Yellowstone Hot Springs coming to Corwin Springs

Friday, May 25, 2018
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An artist’s rendering of the Yellowstone Hot Spring currently under construction in Corwin Springs. Image courtesy of Yellowstone Hot Springs

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From left, Martine Griffiths, project manager for the Yellowstone Hot Springs, Valerie McBride, president of Church Universal and Triumphant, and Susie Shimmin, general manager for the hot springs project, are photographed at the new hot springs pools in Corwin Springs Thursday. Enterprise photo by Nate Howard

A new public hot spring facility owned by the Royal Teton Ranch is under construction in Corwin Springs and plans to open later this summer.

Yellowstone Hot Springs, which is about 6 miles north of Gardiner, is just off U.S. Highway 89 South in Corwin Springs. The facility, which is on the banks of the Yellowstone River, is set to open Aug. 15.

Yellowstone Hot Springs is a for-profit corporation owned by the nonprofit Royal Teton Ranch. The Royal Teton Ranch, which is across the Yellowstone River from the facility, is the international headquarters of the Church Universal and Triumphant.

The facility, the closest hot spring to Yellowstone National Park, will have a 3,750-square-foot pool, with an average temperature of 102 degrees Fahrenheit. A hot plunge will be 104 degrees, while a cold plunge will be 70 degrees.

The facility will also have a Kneipp Walk, which is a shallow pool designed for wading in alternating hot and cold water, which is supposed to improve blood circulation.

The facility will pipe hot water from the LaDuke Hot Springs, which puts hot water into the Yellowstone about one and a half miles south of the facility on Highway 89.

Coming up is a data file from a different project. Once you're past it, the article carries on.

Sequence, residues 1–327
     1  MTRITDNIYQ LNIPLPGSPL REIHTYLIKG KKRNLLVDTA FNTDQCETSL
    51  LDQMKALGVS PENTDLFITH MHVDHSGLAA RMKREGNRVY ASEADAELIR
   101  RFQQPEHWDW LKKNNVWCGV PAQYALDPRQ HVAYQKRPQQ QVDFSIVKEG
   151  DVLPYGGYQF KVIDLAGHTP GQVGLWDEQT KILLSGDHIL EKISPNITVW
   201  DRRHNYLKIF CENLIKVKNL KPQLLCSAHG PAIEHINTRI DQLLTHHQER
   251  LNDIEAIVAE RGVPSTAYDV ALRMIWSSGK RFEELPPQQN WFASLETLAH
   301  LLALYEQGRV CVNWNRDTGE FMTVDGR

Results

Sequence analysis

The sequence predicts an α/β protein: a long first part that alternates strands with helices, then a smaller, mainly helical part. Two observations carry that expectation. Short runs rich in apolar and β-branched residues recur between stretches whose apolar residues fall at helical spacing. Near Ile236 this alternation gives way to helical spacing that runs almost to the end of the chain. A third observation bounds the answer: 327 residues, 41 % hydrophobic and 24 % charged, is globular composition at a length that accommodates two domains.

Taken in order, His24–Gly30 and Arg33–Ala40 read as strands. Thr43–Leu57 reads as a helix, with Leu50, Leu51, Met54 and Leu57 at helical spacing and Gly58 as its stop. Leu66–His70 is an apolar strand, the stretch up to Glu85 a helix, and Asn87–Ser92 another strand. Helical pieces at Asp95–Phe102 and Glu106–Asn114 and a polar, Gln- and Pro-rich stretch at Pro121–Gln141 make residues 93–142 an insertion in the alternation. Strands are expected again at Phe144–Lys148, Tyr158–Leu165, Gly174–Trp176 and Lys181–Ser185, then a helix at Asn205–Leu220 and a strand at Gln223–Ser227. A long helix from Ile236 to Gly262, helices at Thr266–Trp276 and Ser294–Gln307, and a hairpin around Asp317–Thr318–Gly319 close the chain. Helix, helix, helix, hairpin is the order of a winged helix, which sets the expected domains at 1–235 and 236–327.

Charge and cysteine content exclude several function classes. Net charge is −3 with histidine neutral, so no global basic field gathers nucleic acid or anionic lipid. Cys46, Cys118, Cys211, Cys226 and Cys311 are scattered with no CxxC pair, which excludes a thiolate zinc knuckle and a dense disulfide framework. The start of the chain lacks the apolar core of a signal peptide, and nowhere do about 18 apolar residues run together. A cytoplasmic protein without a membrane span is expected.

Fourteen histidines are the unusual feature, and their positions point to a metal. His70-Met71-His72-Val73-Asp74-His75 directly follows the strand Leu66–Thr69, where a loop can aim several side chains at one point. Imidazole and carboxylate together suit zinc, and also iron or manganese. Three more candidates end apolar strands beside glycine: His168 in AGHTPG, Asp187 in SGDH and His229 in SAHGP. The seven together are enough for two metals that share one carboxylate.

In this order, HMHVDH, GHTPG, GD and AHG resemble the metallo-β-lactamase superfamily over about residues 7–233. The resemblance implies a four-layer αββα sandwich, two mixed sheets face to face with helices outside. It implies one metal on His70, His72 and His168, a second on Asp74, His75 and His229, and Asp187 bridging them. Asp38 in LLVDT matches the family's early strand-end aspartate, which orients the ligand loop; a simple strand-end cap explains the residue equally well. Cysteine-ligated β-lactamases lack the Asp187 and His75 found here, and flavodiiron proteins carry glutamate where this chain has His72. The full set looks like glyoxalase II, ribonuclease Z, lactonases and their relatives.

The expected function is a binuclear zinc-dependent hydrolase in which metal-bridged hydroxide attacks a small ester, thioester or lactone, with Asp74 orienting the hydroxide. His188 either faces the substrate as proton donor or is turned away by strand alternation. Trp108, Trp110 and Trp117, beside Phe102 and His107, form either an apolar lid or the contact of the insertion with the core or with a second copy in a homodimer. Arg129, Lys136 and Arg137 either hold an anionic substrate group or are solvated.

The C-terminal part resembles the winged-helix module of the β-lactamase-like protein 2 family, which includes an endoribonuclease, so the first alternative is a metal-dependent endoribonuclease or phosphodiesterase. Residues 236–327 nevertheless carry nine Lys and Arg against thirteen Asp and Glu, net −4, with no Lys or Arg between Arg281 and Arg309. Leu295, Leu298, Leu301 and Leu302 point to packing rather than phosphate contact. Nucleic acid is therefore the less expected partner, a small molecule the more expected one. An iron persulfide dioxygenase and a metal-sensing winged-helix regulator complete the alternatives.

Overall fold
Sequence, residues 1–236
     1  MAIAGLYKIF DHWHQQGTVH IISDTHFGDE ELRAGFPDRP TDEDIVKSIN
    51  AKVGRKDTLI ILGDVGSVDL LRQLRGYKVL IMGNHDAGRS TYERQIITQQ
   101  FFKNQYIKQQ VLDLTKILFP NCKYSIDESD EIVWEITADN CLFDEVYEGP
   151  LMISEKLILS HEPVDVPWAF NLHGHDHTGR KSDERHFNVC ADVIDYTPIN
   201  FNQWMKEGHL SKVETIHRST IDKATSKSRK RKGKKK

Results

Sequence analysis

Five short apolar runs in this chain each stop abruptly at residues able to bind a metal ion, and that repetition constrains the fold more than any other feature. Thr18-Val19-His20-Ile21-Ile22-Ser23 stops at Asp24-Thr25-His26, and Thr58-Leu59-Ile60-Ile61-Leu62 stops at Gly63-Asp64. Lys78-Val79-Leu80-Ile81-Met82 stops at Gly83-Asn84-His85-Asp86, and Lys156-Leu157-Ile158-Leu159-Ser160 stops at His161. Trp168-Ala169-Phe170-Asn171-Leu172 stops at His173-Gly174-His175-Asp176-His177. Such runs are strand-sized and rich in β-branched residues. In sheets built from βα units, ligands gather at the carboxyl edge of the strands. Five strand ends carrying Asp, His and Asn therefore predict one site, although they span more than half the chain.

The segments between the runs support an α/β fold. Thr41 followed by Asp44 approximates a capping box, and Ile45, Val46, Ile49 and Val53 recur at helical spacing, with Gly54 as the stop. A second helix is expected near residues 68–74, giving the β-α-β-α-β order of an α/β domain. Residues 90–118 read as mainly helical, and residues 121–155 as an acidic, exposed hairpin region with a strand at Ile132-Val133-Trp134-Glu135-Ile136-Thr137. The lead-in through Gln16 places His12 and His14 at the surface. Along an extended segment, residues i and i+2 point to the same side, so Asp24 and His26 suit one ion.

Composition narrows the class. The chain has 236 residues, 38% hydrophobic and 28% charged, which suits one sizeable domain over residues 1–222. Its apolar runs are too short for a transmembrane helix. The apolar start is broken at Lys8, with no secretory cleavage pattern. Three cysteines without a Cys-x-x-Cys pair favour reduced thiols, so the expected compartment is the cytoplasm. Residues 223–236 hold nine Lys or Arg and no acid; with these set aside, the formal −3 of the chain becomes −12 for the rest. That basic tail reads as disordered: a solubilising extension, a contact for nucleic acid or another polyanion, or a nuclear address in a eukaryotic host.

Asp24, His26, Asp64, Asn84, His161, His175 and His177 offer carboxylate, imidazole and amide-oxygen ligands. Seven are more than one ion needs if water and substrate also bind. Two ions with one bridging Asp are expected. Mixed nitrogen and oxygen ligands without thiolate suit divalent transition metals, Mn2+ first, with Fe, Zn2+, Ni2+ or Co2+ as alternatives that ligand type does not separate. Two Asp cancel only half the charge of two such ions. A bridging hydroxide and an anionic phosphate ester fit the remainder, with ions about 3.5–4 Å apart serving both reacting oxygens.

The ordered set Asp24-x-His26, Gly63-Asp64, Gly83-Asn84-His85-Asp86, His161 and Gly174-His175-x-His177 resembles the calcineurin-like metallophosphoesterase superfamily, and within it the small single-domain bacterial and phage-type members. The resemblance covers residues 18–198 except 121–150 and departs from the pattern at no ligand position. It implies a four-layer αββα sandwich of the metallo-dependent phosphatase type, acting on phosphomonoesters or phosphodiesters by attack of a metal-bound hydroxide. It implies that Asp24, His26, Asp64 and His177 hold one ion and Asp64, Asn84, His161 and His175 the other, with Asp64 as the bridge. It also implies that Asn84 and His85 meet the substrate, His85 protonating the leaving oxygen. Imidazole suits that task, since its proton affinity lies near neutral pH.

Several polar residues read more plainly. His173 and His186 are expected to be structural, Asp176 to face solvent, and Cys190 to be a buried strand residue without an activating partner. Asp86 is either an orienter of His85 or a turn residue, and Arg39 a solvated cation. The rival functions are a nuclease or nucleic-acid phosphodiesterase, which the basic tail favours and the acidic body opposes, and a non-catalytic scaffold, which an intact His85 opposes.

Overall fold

Yellowstone Hot Springs General Manager Susie Shimmin said the facility will not share resources or employees with the church.

“This is a separate organization,” Shimmin said. “It operates separately and independently of the church.”


History of Corwin Springs

The Yellowstone Hot Springs is the latest in a long line of hot spring facilities near Corwin Springs.

In 1899, French-Canadian immigrant Julius LaDuke opened the LaDuke Hot Springs Resort, a series of riverbank hot tubs, on land he had staked with a mining claim.

Ten years later, Dr. Frank Corwin constructed the Corwin Springs Hotel, which had a 50-by-80-foot enclosed swimming pool with hot water from the LaDuke hot springs. Corwin designed it to attract “medical tourists.” However, the hotel burned down in 1916. The pool and stone fireplaces are all that remain of the facility.

A dude ranch was located at the facility from April 1922 until the 1940s. The Royal Teton Ranch acquired the land in the 1980s.

Before the construction of the Yellowstone Hot Springs, the ranch had a small foot wash with the waters located on a deck overlooking the Yellowstone.

“This is where history meets the modern world, and we bring it together,” said Project Manager Martine Griffiths.

Once construction work began, animals flocked to the site, Shimmin said. The workers had to wait for bison to move from where the pools are currently located. 

“We’ve never had so many herds of elk and bison up here,” said Valerie McBride, president of the Church Universal and Triumphant. “I think they were wondering, ‘What are you doing?’”

From the facility, visitors will likely be able to see eagles, bison, elk and big horned sheep, as well as the Yellowstone River and mountains.

“This is the most wonderful place to be,” Griffiths said.


Future plans

The facility will have coffee, tea, sandwiches and other refreshments, but no alcohol at this point, Shimmin said.

But this is just the first phase of many, Shimmin said. Future phases could include lodging and facilities for events including plays and live music.

“Stay tuned,” Shimmin said.

For now, the Lighthouse Restaurant, owned by the ranch, is located across the highway from the facility.

When asked if they plan to compete with Chico Hot Springs, Shimmin said she thinks it will benefit both hot springs.

“We hope that the people who go to Chico will come here and people who come here will go to Chico,” Shimmin said.

Instead, the facility plans to help stimulate the local economy, Shimmin said, and help build up Corwin Springs.


Prices, hours

When it opens in August, Yellowstone Hot Springs will have a soft opening for locals before having a grand opening.

Entry prices are still being discussed, Shimmin said, but locals, school children and veterans will likely have a discount.

During peak season — which runs from May 15 to Oct. 15 — the facility will be open seven days a week from 7 a.m. to 10 p.m. Off-peak season hours aren’t yet determined.

The facility listed a phone number of 833-YSPRING (833-977-7464).